When I first started teaching, every new situation I encountered seemed like a monumental problem to be solved. I was exhausted all the time from solving problems, most of which stemmed from just not knowing enough. I struggled to keep up with the pace of planning, instruction, assessment, reflection, planning, instruction... and balance committees and parents and find time to learn more about the areas in which I needed further professional development. I didn't know how to pick the better problem, because I did think there was one right answer and I was sure to mess it up. I know now, of course, that this is not true. And that even the solution to a problem one time is not likely to fix the situation the next time. So it is more important to spend energy on the big picture. 

Summer break is a wonderful time to reflect on the past year and plan for the future year. For teachers unsure where they will be teaching in the fall, the summer, though, can also be a time of anxiety. One thing that you can consider doing is joining one of the free MOOC (massive open online course) for new teachers through the New Teacher Center. The New Teacher Center is offering MOOCs designed specifically for new elementary and secondary teachers to provide them will some tools to start the year successfully. Each 4 week course starts July 21st, with an expected work load of 2-4 hrs/week. Not too much time involved, it's free, and it might be a way to channel any nervous energy for new teachers.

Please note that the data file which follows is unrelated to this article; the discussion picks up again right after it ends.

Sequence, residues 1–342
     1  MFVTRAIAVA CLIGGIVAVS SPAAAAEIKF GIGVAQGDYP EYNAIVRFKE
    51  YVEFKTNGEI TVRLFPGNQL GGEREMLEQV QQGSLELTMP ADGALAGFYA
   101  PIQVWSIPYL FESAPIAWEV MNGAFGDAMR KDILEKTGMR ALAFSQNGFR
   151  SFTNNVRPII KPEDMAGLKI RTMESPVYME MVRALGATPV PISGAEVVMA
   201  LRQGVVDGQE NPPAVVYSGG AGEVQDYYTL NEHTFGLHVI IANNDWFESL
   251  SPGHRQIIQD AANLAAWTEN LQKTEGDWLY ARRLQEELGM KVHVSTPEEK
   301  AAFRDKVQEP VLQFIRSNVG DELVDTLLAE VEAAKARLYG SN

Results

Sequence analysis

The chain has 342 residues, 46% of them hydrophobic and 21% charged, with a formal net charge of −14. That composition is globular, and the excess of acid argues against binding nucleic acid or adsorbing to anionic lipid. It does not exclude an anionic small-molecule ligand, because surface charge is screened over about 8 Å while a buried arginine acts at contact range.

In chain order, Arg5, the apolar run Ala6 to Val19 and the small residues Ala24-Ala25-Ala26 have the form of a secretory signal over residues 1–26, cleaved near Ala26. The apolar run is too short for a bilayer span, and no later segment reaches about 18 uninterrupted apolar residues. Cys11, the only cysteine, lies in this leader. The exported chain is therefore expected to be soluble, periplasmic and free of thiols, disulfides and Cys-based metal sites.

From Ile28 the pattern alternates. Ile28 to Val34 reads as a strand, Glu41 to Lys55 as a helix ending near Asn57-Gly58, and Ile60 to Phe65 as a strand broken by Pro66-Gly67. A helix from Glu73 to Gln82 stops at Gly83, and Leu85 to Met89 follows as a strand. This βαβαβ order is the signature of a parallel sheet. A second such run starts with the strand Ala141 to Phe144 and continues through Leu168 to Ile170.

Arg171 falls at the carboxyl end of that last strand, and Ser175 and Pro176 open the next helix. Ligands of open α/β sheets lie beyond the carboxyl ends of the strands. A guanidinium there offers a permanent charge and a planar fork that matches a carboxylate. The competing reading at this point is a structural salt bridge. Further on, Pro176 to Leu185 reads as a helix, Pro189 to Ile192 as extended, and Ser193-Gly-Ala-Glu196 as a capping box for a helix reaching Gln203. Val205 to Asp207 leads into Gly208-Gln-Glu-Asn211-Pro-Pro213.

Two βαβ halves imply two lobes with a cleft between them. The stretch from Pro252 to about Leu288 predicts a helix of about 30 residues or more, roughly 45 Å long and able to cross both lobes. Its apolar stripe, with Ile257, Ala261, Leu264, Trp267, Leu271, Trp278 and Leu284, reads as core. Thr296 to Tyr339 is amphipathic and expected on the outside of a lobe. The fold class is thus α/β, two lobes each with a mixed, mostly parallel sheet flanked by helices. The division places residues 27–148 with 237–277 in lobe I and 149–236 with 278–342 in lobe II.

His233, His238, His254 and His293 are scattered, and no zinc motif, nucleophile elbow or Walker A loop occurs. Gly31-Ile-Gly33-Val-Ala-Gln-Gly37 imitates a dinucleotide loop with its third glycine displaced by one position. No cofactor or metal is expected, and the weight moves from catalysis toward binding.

If you decide to try it, stop back and comment on this post to let us know how it went!